- How many independent clauses can you have in a sentence?
- Can independent clauses start with because?
- What is an example of a dependent?
- What do dependent clauses start with?
- What are the 3 types of dependent clauses?
- Can a sentence have 3 independent clauses?
- Is there a comma between independent and dependent clauses?
- What are two main clauses?
- How do you teach independent clauses?
- Does a comma go between two independent clauses?
- What are the 7 subordinating conjunctions?
- How do you identify a dependent clause?
- What are the example of dependent and independent clause?
- What are examples of independent clauses?
- How do you know if its a dependent clause?
- How do you connect independent and dependent clauses?
How many independent clauses can you have in a sentence?
A compound sentence is made up of at least two independent clauses and no dependent clauses..
Can independent clauses start with because?
It is one of several words and phrases used to introduce a “clause of purpose.” A clause beginning with because answers the question “Why?” and that clause is automatically subordinate to an independent clause. There should generally be no comma between the two.
What is an example of a dependent?
An example of dependent is a child to a parent. An example of dependent is “when the rain fell.” Dependent is defined as someone who relies on someone else for their existence. An example of a dependent is the child of a man.
What do dependent clauses start with?
A subordinate clause—also called a dependent clause—will begin with a subordinate conjunction or a relative pronoun. Like all clauses, it will have both a subject and a verb. This combination of words will not form a complete sentence.
What are the 3 types of dependent clauses?
The different types of dependent clauses include content clauses (noun clauses), relative (adjectival) clauses, and adverbial clauses.
Can a sentence have 3 independent clauses?
To separate two (or three) independent clauses in a compound sentence. (Compound sentences are sentences that have two (or three) independent clauses which are joined by one of the following conjunctions: for, nor, yet, so, and, but, or. The comma always appears just before the conjunction.
Is there a comma between independent and dependent clauses?
~ Use a comma to separate the dependent clause from the independent when it follows the independent one if the dependent clause is nonessential. Keep in mind, however, that many dependent clauses will be essential and will not require a comma.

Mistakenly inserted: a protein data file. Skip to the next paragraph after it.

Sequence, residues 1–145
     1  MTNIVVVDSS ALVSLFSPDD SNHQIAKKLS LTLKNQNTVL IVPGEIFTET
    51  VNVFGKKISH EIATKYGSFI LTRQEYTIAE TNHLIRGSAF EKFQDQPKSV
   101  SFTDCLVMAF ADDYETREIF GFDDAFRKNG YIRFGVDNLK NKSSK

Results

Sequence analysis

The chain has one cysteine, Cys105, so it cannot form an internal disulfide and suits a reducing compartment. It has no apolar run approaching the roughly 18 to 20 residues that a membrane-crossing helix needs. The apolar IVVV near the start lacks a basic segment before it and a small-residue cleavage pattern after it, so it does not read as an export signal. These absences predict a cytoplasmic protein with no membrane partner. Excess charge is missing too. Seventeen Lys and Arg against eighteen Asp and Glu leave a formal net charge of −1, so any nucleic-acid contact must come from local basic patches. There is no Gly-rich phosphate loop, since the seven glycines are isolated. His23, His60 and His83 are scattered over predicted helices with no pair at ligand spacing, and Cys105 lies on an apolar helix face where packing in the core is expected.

What are two main clauses?
An independent clause contains a subject, a verb, and a complete thought. A dependent clause contains a subject and a verb, but no complete thought.
How do you teach independent clauses?
A fun grammar activity is to give each student a few note cards. Ask students to write one independent clause per note card. Then, put the independent clauses together with a conjunction for memorable compound sentences. Then, we continue to study dependent clauses, or a clause that cannot stand alone.
Does a comma go between two independent clauses?
Two independent clauses can also be joined into one compound sentence with a semicolon alone. (Note: You can use a comma between independent clauses only if you also use a coordinating conjunction.) … They can be made into one compound sentence with a semicolon alone between the two independent clauses.
What are the 7 subordinating conjunctions?
The most common subordinating conjunctions in the English language include: than, rather than, whether, as much as, whereas, that, whatever, which, whichever, after, as soon as, as long as, before, by the time, now that, once, since, till, until, when, whenever, while, though, although, even though, who, whoever, whom, …
How do you identify a dependent clause?
If the noun clause is acting as the subject of the sentence, it is not dependent. However, if the noun clause is taking the place of an object, it is a dependent clause. Noun clauses can begin with either interrogative pronouns (who, what, when, where, how, why) or expletives (that, whether, if).
What are the example of dependent and independent clause?
Most simply, an independent clause can form a complete sentence on its own and a dependent clause cannot (at least, not by itself). Think of it this way: an independent clause is like a cup of coffee, and a dependent clause is like a caffeine lover.
What are examples of independent clauses?
Here are 23 examples of independent clauses that can stand alone as a sentence:I enjoy sitting by the fireplace and reading.Waiting to have my car’s oil changed is boring.She wants to travel the world and see wonderful sights.Our planets revolve around the sun.The professor always comes to class fully prepared.More items…
How do you know if its a dependent clause?
A dependent clause is a group of words that contains a subject and verb but does not express a complete thought. A dependent clause cannot be a sentence. Often a dependent clause is marked by a dependent marker word.
How do you connect independent and dependent clauses?
To combine two independent clauses (complete sentences), use a semicolon or a comma and conjunction. To attach a dependent clause, use a comma if it comes before the independent clause; use no comma if it comes after the independent clause, unless it is a “contrast word” (although, though, even though, whereas).